Every time I log onto The TED website I find something that blows my mind, it never ceases to amaze me what kind of stuff other scientists are doing out there. This was one of the articles that really shows promise in my opinion. (Click the title to be directed to the article)
What these scientists did essentially was take a porcine heart and wash out all of the cells, leaving behind only the protein matrix behind, which is essentially a scaffold that cells would attach to and hold onto one another. The idea is that using this scaffold, and human cardiac stem cells, they can manage to make a functional human heart.
Organs are in constant need, there is a great number of people needing a transplant but only a few available donors. As if things were not hard enough though, a major issue in organ transplantation is getting the body (the immune system) of the recipient to accept the organ of the donor. Successful recipients of organs are unfortunately kept on immunosuppressive medication for many years and even then the organ fails after 5-10years.
The approach taken by these scientists, if successful will solve two major issues. The first is the availability of organs, the second and most important is the issue with organ rejection. If these scientists harvest stem cells from the patients themselves, the cells repopulating the heart scaffold will be considered as “self” so when transplanted into the recipient will not cause and adverse reaction of the immune system.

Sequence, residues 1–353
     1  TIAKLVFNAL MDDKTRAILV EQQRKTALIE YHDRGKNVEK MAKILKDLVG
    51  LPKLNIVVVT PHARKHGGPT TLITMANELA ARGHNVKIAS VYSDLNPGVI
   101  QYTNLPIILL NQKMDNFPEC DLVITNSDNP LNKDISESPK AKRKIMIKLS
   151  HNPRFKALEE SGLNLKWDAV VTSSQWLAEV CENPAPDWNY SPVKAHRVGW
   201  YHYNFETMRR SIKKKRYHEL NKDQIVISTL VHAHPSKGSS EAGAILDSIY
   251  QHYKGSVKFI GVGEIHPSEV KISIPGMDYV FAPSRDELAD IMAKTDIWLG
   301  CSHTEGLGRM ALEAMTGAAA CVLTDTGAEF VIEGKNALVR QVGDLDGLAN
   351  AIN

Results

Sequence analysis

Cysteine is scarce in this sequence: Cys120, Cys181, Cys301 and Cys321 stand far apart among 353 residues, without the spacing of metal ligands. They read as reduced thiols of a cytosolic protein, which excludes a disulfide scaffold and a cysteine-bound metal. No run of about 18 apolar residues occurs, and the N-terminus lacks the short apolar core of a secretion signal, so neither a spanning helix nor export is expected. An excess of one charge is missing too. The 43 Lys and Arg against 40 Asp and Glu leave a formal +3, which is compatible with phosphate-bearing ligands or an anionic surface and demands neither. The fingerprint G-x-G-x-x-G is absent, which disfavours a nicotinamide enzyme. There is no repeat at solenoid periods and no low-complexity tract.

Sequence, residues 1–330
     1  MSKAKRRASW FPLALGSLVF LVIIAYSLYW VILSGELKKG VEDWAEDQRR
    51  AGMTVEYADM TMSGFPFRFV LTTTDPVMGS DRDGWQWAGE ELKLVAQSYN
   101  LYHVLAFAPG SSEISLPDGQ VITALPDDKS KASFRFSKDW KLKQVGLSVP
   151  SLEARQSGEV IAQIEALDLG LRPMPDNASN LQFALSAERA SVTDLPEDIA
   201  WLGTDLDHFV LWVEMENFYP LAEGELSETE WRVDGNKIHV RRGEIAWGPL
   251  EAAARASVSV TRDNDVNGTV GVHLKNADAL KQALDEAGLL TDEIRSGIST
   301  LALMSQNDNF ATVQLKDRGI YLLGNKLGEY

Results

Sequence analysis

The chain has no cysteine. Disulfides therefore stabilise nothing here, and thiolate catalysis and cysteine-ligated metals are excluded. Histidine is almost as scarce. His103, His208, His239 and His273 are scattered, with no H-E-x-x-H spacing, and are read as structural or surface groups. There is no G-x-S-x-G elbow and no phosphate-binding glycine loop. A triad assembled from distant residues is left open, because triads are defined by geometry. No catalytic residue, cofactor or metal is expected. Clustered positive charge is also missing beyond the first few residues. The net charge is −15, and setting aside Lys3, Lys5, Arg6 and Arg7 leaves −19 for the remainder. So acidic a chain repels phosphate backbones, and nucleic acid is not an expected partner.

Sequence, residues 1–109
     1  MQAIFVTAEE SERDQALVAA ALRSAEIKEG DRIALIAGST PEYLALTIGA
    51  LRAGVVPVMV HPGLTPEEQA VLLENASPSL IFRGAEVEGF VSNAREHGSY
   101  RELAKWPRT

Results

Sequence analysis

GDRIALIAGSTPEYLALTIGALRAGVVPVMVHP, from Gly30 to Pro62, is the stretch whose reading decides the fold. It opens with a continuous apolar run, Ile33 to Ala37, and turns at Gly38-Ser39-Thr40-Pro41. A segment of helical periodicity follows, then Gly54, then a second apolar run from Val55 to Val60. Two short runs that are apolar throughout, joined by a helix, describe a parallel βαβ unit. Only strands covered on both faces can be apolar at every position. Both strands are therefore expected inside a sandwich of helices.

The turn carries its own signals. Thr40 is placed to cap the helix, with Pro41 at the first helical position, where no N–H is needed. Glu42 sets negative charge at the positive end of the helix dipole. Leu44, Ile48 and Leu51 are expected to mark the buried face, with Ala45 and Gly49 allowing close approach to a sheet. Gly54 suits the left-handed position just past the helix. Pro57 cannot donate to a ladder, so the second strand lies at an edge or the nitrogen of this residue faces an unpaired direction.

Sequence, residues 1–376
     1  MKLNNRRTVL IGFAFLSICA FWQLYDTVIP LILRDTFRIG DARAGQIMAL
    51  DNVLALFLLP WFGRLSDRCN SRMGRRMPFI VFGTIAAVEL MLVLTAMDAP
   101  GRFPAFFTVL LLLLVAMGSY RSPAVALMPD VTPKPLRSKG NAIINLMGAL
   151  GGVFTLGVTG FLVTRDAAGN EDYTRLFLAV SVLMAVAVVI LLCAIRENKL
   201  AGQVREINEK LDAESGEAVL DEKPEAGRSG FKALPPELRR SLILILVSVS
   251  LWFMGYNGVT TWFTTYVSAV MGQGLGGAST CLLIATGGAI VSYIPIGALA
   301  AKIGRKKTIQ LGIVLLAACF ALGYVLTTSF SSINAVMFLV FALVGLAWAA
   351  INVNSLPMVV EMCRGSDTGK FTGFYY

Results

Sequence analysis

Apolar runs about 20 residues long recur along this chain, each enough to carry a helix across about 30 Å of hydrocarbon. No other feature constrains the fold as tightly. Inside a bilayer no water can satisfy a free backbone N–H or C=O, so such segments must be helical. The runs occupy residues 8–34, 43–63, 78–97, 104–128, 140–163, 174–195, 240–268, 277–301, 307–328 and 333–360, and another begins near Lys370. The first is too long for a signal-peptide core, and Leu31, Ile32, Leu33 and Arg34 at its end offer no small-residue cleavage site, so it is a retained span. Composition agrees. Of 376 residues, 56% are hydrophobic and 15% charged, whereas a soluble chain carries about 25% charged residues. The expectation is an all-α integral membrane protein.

This scenario has many benefits but we are still pretty far from it as of yet. Firstly the field of cardiac stem cells is still in its infancy, huge breakthroughs have been made but none to the extent of generating a whole, functioning, human heart. Secondly, there is an issue of using other species, yes a porcine heart is very similar to ours but there are always issues of cross contamination with viruses, so stringent aseptic techniques have to be put into place. Last but not least is the religion factor, some cultures regard it as unclean to even eat pork, let alone have a porcine heart beating in their chest. These are but a few issues that come to mind, that being said though I believe that everything is well on track, and I’m eagerly waiting to see more of the work this group might publish in the near future.